State lawmakers are pushing to unleash some schools from state control. Senate Bill 2100 would allow 10 school districts to act like charter schools. Charters are exempt from certain state rules in the name of innovation, including bargaining with teachers unions.
The News On 6's Ashli Sims reports some teachers believe the bill threatens their rights. Some say local charter schools are the picture of success.
The Tulsa School of Arts and Sciences sports some of the highest test scores in the district. Deborah Brown Community School has won state awards for achievement. Now some state lawmakers want to spread the charter success by treating whole school districts like charter schools.
"There are a number of schools in Tulsa and Oklahoma City that are charter. We've seen great success there. And we wanted to allow those school districts that wanted to try that to have the opportunity to do that," said Rep. Tad Jones, (R) Claremore.
Representative Tad Jones co-authored Senate Bill 2100. It's a pilot program for deregulation. If the bill passes, 10 school districts could apply and opt out of some state rules in favor of local ones.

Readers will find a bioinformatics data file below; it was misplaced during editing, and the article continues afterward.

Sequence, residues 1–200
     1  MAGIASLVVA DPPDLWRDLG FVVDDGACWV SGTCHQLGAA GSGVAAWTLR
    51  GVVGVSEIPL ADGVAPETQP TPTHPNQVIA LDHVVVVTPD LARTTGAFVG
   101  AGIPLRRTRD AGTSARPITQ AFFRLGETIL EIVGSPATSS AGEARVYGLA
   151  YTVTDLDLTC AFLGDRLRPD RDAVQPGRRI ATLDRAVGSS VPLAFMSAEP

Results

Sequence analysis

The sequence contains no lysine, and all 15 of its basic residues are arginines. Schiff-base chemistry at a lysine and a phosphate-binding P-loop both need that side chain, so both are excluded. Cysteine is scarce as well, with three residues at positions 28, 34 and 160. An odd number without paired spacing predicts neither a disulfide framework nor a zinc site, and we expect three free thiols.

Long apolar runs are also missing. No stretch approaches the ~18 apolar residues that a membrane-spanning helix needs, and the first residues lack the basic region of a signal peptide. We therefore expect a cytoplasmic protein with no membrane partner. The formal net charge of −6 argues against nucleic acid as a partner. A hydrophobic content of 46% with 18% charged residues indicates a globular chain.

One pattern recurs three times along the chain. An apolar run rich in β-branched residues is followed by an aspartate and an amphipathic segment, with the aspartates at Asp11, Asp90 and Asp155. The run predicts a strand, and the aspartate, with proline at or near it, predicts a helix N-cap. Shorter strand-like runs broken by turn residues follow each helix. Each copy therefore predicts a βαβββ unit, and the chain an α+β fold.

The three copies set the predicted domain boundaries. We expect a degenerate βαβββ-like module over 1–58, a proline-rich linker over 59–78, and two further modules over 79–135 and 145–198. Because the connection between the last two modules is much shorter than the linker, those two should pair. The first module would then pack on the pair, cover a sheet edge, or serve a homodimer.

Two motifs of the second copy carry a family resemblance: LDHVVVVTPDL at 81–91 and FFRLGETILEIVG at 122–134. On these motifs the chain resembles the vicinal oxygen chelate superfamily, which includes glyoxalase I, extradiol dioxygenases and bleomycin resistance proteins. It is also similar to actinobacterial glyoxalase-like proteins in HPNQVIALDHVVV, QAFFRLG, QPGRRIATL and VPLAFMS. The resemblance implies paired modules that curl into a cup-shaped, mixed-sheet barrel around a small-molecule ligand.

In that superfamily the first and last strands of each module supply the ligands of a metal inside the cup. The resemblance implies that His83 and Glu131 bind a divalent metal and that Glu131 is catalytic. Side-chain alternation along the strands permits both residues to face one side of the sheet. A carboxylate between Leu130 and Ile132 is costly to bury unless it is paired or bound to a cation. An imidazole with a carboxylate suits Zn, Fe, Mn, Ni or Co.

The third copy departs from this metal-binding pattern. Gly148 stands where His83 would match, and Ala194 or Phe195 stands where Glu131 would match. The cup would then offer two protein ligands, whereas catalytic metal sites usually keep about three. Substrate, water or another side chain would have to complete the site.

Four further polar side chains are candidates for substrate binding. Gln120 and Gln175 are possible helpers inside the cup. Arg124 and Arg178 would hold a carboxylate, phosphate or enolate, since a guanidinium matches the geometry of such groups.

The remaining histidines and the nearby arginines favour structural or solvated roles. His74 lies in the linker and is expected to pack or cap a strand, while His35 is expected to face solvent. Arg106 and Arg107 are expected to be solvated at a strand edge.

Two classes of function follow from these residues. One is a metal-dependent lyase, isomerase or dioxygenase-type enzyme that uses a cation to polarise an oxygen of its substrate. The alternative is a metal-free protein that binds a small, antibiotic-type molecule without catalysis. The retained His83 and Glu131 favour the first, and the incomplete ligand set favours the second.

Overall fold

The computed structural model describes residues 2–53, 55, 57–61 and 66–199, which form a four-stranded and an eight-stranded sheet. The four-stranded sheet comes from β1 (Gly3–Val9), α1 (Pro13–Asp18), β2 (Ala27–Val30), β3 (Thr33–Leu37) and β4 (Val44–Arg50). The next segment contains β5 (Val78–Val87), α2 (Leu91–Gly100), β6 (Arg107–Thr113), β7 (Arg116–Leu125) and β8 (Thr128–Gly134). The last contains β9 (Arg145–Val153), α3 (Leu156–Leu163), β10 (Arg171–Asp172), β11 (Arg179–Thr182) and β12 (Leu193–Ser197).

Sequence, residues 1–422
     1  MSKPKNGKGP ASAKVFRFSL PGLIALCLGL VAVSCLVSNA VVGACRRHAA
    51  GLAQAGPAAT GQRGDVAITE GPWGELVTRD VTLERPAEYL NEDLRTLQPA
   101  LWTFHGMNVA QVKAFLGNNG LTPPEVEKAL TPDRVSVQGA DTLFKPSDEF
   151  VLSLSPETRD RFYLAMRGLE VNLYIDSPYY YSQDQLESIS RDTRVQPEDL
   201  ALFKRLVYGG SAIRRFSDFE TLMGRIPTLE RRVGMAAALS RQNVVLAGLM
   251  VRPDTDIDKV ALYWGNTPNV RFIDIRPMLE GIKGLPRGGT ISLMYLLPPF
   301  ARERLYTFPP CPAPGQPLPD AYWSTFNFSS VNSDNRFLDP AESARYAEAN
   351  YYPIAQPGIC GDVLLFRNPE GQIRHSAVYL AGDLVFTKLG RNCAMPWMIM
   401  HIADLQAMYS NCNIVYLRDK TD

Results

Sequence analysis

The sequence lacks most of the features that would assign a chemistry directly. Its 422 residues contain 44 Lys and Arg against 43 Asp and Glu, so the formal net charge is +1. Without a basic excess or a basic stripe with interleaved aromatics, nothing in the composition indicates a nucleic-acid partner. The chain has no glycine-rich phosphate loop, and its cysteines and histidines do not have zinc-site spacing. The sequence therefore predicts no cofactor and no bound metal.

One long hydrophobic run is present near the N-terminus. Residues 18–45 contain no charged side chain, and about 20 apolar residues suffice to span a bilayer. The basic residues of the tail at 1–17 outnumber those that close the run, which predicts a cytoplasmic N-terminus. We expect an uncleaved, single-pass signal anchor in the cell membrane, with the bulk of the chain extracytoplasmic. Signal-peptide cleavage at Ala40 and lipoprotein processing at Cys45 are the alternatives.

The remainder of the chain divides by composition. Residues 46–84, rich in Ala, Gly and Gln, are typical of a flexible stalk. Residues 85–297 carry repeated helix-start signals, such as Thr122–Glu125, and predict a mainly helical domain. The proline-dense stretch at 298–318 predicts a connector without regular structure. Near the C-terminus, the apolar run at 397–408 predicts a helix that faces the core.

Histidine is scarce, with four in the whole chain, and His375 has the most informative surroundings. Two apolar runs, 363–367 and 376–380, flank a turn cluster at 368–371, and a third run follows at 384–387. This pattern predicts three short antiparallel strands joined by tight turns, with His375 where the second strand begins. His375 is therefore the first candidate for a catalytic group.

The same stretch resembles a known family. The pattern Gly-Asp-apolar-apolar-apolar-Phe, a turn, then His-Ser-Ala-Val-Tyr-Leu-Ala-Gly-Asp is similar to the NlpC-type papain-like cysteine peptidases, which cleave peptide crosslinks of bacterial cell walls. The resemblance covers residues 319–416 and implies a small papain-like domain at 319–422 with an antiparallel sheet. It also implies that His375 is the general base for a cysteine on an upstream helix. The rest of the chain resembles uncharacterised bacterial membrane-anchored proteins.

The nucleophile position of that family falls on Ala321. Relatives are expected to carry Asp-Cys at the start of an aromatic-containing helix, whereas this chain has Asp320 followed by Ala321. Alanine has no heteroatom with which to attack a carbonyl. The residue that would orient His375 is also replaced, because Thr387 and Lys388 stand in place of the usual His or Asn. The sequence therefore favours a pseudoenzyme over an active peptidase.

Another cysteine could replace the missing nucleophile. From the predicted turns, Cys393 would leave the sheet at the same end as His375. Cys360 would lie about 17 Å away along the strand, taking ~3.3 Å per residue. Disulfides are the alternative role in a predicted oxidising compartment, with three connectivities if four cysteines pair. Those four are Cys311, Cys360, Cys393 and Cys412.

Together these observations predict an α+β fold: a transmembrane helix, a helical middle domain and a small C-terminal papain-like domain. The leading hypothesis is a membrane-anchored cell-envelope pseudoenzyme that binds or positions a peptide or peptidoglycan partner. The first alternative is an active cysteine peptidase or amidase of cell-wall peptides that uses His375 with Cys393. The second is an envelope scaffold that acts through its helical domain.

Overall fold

"What it means to me is that it's going to start taking away teachers' rights," said Denzel Kesterson of the Tulsa Classroom Teachers Association.
Kesterson says deregulation means school districts don't have to negotiate with unions. No written curriculum following state standards, no minimum salary schedule for teachers, in fact, they wouldn't have to hire certified teachers at all.
"They could actually say all the teachers no longer have a job and they have to reapply," said Kesterson.
"Charter schools can do that right now and their teachers love it. They love the deregulated environment they're not afraid to go into the classroom or what happens with management. They love the situation," said Jones.
Jones says it's really about taking control out of the hands of the state and putting it back into the hands of local school boards.
"We love to push down and put some local control in the hands of local school districts and let them have more creativity, more flexibility," said Jones.
"Do you really want our district, with all of the problems and the lack of overseeing, do you really want them to have more responsibilities?" said Kesterson.
The Tulsa Classroom Teachers Association says there's already a law on the books that already allows some deregulation.
Representative Jones says this would cut out the bureaucracy. And he emphasizes it would be voluntary.
The state house will vote on the bill in the next two weeks.
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